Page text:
• Details of partners it works with, for example local VCSE organisations and local Healthwatch. The ICB may have worked in partnership with and/or commissioned a VCSE organisation to undertake work on behalf of the ICB
  • Any support the ICB have provided (financial or in kind) to enable these organisations’ work.
  • An explanation of how the ICB’s work with partners influenced how the ICB worked with people and communities, how the ICB developed services and how the ICB developed its annual report.
  • An indication of where the ICB have worked with partners to design services collaboratively, or times when the ICB have gone to groups to listen and find out what matters to them.

Sharing learning and good practice examples

ICBs should consider and explore:

  • what has worked well and how it has changed or is changing lives using tangible examples
  • what has gone well in the ICB that can be shared with other ICBs
  • what could have gone better and how the ICB plan to do things differently in future.

Communications, social media and marketing

An ICB should consider including:

  • detail any communications or campaigns that have supported the ICB’s work with people and communities
  • highlight any other work by social media and marketing teams that has supported partnership working.

Future planning

Each ICB should provide an outline of key activity planned for the next financial year. Doing so will help the ICB to continuously improve how the ICB works in partnership with people and communities and how the ICB will incorporate learning and good practice.

Making the annual report accessible and appealing

Annual reports should be presented in an accessible and appealing way for a public audience. ICBs should consider the diverse communication styles and needs of their local people and communities and whether alternative versions – such as easy read or audio – are needed to meet people’s needs. The same approach should be taken to any separate report detailing work done in partnership with people and communities which accompanies the annual report.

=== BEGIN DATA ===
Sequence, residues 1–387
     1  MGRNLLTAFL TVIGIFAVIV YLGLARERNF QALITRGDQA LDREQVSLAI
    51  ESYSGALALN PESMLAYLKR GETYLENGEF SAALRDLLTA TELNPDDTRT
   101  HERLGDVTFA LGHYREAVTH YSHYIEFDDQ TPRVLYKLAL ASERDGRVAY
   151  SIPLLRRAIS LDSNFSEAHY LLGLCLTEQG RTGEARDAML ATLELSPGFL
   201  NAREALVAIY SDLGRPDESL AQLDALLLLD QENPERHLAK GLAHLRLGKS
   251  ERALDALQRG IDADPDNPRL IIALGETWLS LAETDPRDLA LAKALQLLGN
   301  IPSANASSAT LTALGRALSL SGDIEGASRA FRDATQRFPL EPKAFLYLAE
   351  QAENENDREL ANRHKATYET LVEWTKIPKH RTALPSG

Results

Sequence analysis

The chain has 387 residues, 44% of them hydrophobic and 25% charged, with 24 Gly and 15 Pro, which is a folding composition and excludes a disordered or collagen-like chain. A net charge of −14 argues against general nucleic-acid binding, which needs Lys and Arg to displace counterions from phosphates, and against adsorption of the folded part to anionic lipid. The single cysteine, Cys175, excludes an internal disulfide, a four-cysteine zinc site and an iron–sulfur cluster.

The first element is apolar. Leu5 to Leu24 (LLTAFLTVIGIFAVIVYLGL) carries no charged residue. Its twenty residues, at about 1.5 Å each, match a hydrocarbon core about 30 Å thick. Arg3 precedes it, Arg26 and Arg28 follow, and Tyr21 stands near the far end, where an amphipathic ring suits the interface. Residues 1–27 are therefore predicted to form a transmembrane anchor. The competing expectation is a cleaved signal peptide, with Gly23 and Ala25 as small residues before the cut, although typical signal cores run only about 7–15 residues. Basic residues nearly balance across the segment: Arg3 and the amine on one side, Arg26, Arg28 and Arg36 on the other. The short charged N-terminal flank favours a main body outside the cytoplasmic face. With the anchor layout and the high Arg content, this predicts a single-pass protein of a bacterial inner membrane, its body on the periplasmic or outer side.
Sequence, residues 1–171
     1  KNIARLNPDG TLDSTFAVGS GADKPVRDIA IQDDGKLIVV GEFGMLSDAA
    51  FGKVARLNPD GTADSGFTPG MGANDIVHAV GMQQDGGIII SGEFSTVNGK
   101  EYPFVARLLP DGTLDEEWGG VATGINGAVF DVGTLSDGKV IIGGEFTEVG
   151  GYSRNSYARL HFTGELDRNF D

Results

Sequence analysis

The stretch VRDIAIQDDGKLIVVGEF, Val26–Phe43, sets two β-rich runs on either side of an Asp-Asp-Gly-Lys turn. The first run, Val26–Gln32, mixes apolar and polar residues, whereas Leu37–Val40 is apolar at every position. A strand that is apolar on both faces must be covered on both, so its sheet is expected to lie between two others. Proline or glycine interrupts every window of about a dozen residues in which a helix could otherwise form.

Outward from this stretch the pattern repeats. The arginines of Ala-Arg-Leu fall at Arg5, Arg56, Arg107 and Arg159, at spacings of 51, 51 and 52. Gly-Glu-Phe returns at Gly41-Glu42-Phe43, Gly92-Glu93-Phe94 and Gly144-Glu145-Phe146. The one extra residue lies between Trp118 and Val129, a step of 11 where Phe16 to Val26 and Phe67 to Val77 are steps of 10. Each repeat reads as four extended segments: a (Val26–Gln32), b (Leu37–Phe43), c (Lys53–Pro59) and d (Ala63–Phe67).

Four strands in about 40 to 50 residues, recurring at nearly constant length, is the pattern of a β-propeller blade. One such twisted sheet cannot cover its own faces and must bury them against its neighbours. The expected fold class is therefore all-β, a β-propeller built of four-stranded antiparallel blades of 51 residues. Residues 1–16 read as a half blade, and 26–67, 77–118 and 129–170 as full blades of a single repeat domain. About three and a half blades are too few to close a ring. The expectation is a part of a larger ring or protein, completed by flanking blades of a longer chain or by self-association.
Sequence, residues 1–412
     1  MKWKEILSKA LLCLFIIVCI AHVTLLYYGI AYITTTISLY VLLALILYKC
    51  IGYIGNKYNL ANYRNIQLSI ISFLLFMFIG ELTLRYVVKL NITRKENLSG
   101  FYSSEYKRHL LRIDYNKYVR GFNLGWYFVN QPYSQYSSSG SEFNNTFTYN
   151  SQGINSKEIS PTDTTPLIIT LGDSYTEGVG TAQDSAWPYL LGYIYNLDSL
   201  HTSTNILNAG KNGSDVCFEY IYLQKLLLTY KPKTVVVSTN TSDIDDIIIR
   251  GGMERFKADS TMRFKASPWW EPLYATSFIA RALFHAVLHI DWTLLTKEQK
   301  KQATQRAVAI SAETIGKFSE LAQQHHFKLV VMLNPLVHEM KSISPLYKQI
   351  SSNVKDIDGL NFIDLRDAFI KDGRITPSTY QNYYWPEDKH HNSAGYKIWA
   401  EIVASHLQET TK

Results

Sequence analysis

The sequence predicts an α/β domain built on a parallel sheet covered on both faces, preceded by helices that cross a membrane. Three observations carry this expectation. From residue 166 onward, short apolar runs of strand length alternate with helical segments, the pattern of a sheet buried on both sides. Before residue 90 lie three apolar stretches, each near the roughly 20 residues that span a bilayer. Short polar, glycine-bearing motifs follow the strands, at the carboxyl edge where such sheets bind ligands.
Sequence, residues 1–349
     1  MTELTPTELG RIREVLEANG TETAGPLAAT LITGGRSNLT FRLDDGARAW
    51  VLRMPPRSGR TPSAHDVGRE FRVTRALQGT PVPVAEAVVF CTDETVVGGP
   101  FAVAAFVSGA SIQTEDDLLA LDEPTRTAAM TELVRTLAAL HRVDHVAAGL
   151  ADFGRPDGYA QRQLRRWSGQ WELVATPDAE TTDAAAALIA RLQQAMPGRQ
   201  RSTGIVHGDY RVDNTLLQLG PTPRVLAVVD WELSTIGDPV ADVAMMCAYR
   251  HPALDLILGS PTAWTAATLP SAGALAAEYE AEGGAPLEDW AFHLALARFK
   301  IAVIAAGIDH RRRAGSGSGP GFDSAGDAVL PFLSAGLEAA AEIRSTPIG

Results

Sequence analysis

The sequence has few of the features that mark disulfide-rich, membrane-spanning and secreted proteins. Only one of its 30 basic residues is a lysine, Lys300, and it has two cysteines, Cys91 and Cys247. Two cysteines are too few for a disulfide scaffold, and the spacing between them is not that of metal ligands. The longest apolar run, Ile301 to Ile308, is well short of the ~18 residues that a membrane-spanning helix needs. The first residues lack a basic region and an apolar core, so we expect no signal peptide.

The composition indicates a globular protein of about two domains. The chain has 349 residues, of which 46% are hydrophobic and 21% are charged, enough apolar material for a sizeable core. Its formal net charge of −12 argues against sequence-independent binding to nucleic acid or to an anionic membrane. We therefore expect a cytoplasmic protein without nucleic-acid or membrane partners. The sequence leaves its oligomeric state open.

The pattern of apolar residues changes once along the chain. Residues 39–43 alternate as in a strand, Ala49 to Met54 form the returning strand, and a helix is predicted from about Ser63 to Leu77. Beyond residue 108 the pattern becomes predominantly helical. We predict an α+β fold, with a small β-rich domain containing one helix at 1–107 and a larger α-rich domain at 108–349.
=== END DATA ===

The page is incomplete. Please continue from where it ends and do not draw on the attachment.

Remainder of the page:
ICBs should make the whole annual report people-focused and bring it to life where possible by including stories from people and communities and from staff. ICBs will wish to show how their work makes a positive difference.

Structure, layout and presentation

All annual reports should:

  • be kept as succinct as possible (within the limits of what is required) – go for quality rather than quantity of information
  • have a clear and logical flow and so that the reader can easily find the information they are looking for
  • use headings
  • within cost and branding constraints, use meaningful photographs, illustrations and other visuals to break up text
  • make key points stand out – through summary boxes, bullet points or numbered lists
  • keep sentence and paragraphs short – sentences should generally be shorter than 20 words.

Accessible and inclusive language

ICBs should ensure that they:

  • Use active verbs – like ‘we sent invitations’ rather than ‘invitations were sent’.
  • Avoid jargon and complex terminology – if you need to use a word that people may not know, make sure you explain what it means. It may be helpful for you to include a glossary.
  • Avoid acronyms (‘NHS’ and ‘GP’ are generally an exception) – as above, if you need to use an acronym, make sure to write it out in full the first time you use it.
  • Ensure that gender inclusive language is used where possible and appropriate.

Examples of good reporting

At the time of publication, ICBs have not yet produced their first annual reports. Accordingly, we have included examples of excellently presented ICB strategies on working in partnership with people and communities, and good annual reports from provider organisations. They exemplify the principles explained in this chapter.

North Central London ICB

  • clear delivery plan for approach to working in partnership with people and communities
  • good use of glossary
  • best practice examples.

Coventry and Warwickshire ICB

  • accessibility
  • clear plan for how they will work with people and communities.

Humber and North Yorkshire ICB

  • visually engaging
  • clearly communicated commitments
  • good use of case studies, communicated clearly and simply.

Dorset Healthcare University NHS Foundation Trust

  • concrete examples of how working with people and communities has had a positive impact
  • people-focussed language
  • specific learning from engagement.

Leeds Teaching Hospitals NHS Foundation Trust

  • clear examples of positive work with people and communities during COVID-19 pandemic
  • examples of working with diverse communities and people experiencing the worst health inequalities.